You wait years for a restaurant from the old Silk Road to arrive in London, then two open in the same month. Samarkand, named after the oldest inhabited city in central Asia, has already launched in Charlotte Street, Fitzrovia, with a menu led by the Uzbek national dish plov (pictured), beef short ribs cooked to a recipe handed down through three generations of the family of founder Sanjar Nabiev.
Other dishes from this ancient crossroads of cultures and cuisines include a soup of butternut squash and liquorice, wonderfully named jiz biz (lamb chops with potato cake) and lagman – hand-pulled fried noodles with lamb shoulder. Fittingly for a city that spent centuries under Russian rule, Samarkand stock more than 40 vodkas from around the world.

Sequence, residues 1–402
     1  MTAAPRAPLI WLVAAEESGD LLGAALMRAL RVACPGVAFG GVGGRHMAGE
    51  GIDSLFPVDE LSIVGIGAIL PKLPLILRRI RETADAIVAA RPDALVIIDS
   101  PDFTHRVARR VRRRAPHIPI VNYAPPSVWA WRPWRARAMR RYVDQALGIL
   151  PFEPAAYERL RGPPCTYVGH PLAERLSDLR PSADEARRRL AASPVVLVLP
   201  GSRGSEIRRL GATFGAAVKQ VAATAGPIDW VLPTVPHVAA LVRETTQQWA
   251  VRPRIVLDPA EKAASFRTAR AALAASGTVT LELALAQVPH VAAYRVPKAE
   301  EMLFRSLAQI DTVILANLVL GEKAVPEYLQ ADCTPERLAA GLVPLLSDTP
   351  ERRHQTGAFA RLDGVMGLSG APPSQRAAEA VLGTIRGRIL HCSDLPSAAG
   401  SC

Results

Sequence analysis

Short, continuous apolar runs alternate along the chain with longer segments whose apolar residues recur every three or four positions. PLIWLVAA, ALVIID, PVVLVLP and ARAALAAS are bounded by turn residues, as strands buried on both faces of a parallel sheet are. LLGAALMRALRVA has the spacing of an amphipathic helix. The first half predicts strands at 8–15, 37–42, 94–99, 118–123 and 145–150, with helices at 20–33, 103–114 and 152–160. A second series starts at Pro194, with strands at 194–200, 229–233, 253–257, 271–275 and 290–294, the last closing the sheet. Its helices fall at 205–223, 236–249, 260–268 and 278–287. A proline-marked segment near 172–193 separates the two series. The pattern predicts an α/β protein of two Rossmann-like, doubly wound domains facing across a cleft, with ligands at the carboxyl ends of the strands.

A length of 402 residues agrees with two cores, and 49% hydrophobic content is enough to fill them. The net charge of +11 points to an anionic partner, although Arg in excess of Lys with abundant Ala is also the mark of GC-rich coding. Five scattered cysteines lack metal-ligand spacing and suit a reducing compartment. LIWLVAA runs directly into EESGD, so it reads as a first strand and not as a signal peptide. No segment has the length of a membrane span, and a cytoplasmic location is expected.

Five miles across London in Battersea’s Northcote Road — or 1,000 kilometres west near the Caspian Sea – Jan, opening on September 30, takes inspiration from the cuisines of Iran and Turkey.
The kitchen is dominated by a medieval-style charcoal oven turning out traditional breads and dishes such as Caspian-spiced roast chicken in cardomom and rosemary broth or slow-roast shoulder of lamb with pomegranate glaze.